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Memo to Law Enforcement

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Memo to Law Enforcement

Posted on: July 14th, 2020   Topic: OSA News

Guidance for Oklahoma Law Enforcement Followin McGirt v. Oklahoma

On July 9, 2020, the U.S. Supreme Court held in McGirt v. Oklahoma that land within the 1866
borders of the Muscogee (Creek) Nation remains Indian country today. The Office of the Attorney
General and the Muscogee (Creek) Nation are actively collaborating to present a proposal to Congress
that will clarify and affirm the jurisdiction of Oklahoma law enforcement to enforce state law in a
manner consistent with the settled practice in Oklahoma. However, until such legislation is enacted by
Congress, this memorandum is intended to provide guidance to law enforcement during the interim.
This memorandum is a working document and will periodically be updated after further consultation
with state, tribal, and federal law enforcement.
To start, unless otherwise specified herein, Oklahoma law enforcement should continue to
operate as it always has, prioritizing public safety. Law enforcement should avoid making sudden
and radical changes to policing and other duties meant to promote public safety. Actions to transition
during this interim period should be made only after a process that involves careful deliberation and
consultation with state, tribal, and federal authorities, or pursuant to a court order in a particular
individual’s case.
Next, law enforcement should be cognizant of
the geography of the Supreme Court’s decision. The
Supreme Court’s decision in McGirt on its face applies
only to the 1866 borders of the Muscogee (Creek)
Nation. See McGirt, slip op. at 37 (“Each tribe’s treaties
must be considered on their own terms, and the only
question before us concerns the Creek.”). Thus, until
there is further action by Congress or the courts, law
enforcement acting outside the Creek Reservation
should not change any practices at this time. That said,
law enforcement should take note of and remain in
contact with federal and tribal authorities in cases
involving tribal members in the historic lands of the
Cherokee Nation, Chickasaw Nation, Choctaw
Nation, and Seminole Nation, such that if action is
needed within those areas, law enforcement is
prepared to make the appropriate transfers.
All law enforcement with jurisdiction within the Creek Reservation should, as soon as possible,
ensure that they have signed a cross-deputization agreement with the Muscogee (Creek) Nation
and the Bureau of Indian Affairs. Such agreements allow state and local officers to make arrests,
conduct investigations, and provide assistance such as dispatching and detention, including for those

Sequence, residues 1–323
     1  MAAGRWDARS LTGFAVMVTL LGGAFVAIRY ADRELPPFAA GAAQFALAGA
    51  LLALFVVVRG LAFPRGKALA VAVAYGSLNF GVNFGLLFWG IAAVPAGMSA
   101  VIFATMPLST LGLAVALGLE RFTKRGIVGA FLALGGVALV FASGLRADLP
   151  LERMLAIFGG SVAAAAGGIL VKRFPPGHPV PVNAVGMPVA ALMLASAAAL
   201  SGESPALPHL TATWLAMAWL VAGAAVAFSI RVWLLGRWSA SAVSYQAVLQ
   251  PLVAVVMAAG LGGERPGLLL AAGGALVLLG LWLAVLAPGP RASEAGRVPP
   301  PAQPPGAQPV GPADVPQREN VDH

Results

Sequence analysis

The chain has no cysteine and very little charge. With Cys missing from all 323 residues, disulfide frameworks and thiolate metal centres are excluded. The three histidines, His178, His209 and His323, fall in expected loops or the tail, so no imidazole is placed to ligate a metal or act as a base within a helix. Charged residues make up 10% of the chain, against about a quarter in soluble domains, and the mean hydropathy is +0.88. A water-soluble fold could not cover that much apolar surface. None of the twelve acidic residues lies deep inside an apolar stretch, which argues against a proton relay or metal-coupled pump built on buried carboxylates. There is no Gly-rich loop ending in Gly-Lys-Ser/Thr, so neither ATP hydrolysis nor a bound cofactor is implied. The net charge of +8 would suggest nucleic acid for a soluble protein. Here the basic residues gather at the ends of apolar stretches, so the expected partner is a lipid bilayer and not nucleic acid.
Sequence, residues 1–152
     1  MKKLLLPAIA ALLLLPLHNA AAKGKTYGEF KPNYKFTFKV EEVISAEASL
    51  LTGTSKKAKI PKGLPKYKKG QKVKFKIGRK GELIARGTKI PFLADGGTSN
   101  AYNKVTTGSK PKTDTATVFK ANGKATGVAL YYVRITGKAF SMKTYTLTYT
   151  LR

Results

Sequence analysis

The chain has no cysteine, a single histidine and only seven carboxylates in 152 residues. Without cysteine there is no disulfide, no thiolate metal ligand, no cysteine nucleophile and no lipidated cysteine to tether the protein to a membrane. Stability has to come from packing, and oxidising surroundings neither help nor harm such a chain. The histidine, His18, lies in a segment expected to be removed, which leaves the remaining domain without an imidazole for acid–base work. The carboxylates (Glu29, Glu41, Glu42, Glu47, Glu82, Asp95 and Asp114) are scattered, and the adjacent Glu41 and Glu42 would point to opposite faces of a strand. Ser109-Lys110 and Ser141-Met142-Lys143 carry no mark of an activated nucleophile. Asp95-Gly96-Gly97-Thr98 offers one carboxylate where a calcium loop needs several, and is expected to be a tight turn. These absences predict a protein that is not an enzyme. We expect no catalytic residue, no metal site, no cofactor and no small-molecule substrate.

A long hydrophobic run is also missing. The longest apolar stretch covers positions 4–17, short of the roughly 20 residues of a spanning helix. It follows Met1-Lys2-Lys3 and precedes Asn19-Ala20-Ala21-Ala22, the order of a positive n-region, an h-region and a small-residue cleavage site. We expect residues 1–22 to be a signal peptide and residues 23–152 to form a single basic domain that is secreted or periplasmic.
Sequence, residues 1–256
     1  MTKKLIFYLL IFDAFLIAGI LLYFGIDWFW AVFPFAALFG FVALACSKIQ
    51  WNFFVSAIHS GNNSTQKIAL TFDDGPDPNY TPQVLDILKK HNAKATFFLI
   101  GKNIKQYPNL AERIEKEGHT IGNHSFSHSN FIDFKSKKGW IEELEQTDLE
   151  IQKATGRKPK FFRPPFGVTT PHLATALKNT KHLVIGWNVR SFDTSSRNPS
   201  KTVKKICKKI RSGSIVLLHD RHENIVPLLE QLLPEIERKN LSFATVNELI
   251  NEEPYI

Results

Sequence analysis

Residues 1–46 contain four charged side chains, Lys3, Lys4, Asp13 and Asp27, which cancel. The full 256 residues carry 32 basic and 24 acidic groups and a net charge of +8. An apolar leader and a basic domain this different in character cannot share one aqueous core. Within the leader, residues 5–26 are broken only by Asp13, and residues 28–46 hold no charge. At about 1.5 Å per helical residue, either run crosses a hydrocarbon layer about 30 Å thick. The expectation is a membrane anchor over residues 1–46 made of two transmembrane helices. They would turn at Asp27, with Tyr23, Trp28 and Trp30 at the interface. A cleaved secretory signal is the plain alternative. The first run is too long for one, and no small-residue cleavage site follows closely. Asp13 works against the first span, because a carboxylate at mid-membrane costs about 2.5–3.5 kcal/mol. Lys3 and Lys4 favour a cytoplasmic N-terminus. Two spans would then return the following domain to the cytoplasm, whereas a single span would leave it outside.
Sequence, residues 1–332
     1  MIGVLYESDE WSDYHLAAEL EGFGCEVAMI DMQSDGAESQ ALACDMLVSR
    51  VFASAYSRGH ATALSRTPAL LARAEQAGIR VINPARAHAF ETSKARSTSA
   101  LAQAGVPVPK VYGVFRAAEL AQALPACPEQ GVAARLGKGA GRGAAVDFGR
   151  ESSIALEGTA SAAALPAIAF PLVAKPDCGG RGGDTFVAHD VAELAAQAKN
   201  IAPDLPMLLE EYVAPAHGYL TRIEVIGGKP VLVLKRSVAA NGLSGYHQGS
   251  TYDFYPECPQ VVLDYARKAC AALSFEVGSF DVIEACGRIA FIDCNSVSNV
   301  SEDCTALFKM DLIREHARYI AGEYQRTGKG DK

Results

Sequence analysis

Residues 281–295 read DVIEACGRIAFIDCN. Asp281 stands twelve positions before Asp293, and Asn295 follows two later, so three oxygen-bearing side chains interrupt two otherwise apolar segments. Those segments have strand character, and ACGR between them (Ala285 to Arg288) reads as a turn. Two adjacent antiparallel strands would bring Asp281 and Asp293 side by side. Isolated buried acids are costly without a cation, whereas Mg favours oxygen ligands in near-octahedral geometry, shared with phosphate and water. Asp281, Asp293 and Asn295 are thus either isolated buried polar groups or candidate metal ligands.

offenses against tribal or federal law that involve tribal members on tribal lands. After an agreement
is entered into, law enforcement agencies should make sure that all of its officers are individually
cross-deputized under the agreements. This is vital to maintaining public safety and order, especially
in emergency circumstances. An example of such an agreement can be found at
https://www.sos.ok.gov/documents/filelog/63941.pdf, and more examples can be found at the
website of the Oklahoma Secretary of State.
With these general considerations in mind, the Office of the Attorney General recommends the
following process for Oklahoma law enforcement with cross-deputization agreements in place and
acting within the boundaries of the Muscogee (Creek) Reservation. All arrests should continue to be
made in the normal course when officers have probable cause. If the officer has no reason to believe
that either the offender or victim is a tribal member, he should proceed with investigation and
detention in the normal course. Oklahoma’s criminal jurisdiction extends to all offenses that involve
solely non-Indians. See United States v. McBratney, 104 U.S. 621, 624 (1881).
If the officer or detaining authority has reason to believe either the offender or victim for a Creek
Reservation crime is a tribal member, the officer or detaining authority should, as soon as practicable,
seek to ascertain such tribal status. Until tribal status is confirmed, the arrestee should continue to be
detained in the normal course. Under current law, a person is an “Indian” for criminal law jurisdiction
if they satisfy two criteria: (1) they have “some Indian blood,” and (2) they are “recognized as an
Indian by a tribe or by the federal government.” United States v. Diaz, 679 F.3d 1183, 1187 (10th Cir.
2012). The first requirement can be shown by a Certificate of Degree of Indian Blood (CDIB) issued